I have chosen to complete a reflection on the below presentations at the PMG Conference in July 2023, as I believe both approaches should always be linked when you are looking at addressing the management of posture:
- Is it time to rethink approaches to treating spasticity? by Professor Anand Pandyan (photographed)
- A client-centred, holistic approach to 24-hour postural management by Bex Oakes and Richard Millar.
As a physiotherapist in the Community Learning Disability Service (within the Hampshire area), 24-hour postural management plays a big role in our practice. The Standards of Practice for Physiotherapists - working with adults with a learning disability (S. Bruce et al 2019) describes it as an essential skill for any specialist physiotherapist to have to be able to meet the complex needs of service users diagnosed with a learning disability, who are unable to successfully access a mainstream service.
As a service we complete a complex holistic assessment to investigate and provide equipment. However, in certain situations, spasticity can present as a brick wall that leaves you unable to provide suitable equipment because of the uncontrolled and poorly managed spasticity and tone.
As Professor Pandyan underlined in his presentation, some service users will have had an “onset of spasticity … much earlier than reported”. Due to these service users depending on family members or care teams to raise referrals or liaise with GPs, by the time the therapists can intervene with a treatment plan, or positioning guidelines, it might be too late. Professor Pandyan was also able to demonstrate and present the evidence around the benefits of botulinum toxin in treating spasticity early; action that is not easily achieved in the community services, unless service users are admitted to hospital and receive an appropriate assessment and treatment plan.
At the end of conference, Bex Oakes presented a great case study which demonstrated the importance of multi-disciplinary team (MDT) work in the provision of bespoke equipment, and the immense benefit this has on an individual. This work was possible due to the way her service is commissioned to provide highly complex assessments and provision of equipment. Unfortunately, not all services receive the commissioning required to be able to look at provision of equipment; nor interventions to address the entire 24 hours a service user is being supported, from lying in bed, sitting in a wheelchair or armchair, to the level of medication that they are being administered, and activities they complete in different positions (lying or sitting).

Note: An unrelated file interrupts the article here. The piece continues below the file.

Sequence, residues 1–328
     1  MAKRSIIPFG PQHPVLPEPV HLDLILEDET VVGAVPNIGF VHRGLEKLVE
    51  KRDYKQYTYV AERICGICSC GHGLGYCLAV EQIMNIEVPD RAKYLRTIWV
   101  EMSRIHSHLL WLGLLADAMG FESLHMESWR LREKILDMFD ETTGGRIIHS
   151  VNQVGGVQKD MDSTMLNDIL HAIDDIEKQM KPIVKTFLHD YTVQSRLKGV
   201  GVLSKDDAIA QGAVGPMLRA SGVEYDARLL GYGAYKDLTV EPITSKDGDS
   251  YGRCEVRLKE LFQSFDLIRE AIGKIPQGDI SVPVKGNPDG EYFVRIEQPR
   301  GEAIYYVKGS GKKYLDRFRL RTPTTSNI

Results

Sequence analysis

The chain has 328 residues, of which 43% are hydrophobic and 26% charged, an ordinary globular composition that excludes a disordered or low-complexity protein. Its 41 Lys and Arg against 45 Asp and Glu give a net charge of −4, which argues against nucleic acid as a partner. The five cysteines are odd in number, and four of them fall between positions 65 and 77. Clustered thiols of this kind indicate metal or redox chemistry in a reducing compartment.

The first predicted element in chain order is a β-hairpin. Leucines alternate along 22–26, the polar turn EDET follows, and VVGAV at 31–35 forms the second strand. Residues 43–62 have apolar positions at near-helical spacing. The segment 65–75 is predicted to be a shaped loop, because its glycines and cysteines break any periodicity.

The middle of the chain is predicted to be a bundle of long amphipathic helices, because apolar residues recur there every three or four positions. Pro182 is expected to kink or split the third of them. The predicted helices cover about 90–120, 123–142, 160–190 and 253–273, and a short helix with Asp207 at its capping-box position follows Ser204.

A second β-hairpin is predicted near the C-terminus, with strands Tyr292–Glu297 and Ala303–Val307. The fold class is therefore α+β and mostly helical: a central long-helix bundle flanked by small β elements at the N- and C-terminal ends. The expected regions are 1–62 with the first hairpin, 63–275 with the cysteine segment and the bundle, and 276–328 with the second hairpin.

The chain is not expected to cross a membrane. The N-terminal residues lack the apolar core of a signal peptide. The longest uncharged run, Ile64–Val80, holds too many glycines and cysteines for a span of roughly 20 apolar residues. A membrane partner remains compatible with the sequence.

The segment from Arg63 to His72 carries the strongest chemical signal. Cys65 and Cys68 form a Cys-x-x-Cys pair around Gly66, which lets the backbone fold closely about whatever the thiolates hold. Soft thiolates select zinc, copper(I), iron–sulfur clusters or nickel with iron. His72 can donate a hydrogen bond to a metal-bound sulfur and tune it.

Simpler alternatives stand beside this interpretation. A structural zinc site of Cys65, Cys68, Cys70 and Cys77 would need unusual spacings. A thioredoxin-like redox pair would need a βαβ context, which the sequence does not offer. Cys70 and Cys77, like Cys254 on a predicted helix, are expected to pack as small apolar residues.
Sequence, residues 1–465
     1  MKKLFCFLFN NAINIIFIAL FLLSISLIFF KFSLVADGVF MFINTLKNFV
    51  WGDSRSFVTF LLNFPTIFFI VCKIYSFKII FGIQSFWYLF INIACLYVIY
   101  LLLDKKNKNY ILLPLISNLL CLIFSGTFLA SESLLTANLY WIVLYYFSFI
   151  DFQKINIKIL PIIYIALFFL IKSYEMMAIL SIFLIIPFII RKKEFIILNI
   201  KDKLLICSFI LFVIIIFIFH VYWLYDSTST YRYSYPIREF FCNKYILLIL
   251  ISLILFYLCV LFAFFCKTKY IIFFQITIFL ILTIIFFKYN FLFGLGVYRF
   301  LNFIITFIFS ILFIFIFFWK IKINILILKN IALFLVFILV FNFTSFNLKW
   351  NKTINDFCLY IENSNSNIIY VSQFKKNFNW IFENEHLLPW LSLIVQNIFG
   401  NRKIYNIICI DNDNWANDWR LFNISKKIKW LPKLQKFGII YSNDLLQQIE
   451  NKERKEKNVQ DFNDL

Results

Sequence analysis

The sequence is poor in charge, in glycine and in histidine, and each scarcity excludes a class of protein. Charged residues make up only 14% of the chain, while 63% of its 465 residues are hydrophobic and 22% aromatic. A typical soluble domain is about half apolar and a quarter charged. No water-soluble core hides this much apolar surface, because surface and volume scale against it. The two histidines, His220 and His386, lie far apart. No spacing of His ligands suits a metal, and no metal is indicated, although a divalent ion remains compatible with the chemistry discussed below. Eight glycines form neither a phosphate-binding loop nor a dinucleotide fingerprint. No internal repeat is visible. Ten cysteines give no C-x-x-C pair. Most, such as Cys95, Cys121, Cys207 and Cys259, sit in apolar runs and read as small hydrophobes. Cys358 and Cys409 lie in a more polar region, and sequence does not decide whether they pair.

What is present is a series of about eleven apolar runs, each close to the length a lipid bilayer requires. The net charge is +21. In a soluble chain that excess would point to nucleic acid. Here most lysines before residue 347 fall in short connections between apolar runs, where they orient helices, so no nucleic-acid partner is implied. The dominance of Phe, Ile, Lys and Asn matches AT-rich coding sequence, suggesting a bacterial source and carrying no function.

In conclusion, there are teams and services with competent staff members who would be able to confidently complete a postural assessment, diagnose the issues an individual might present with, but who are not able to fully address these and achieve the wanted outcome.
Outcomes are instead limited by equipment provision, the lack of communication and reduced opportunities of joint working with other community services. There is often little possibility of reaching out to a rehabilitation medicine consultant in a timely manner to address the management of spasticity, to look at early interventions to reduce further deterioration in posture, which is further compounded by the length of time it takes to get funding for prescribed equipment. Bex Oakes underlined very well in her presentation that being able to assess needs holistically, and not with a service-by-service approach, can enable patients, and needed interventions should be seen as essential – not a luxury.
Although reassuring to know that other services are facing similar issues, the overall feeling is that you are letting patients down by not addressing needs that are “essential”.
Bruce S, Standley D, 2019, Standards of Practice for Physiotherapists - working with adults with a learning disability [https://acppld.csp.org.uk/system/files/documents/2019-11/9543_executive_summary_prof_final.pdf, Accessed September 2023]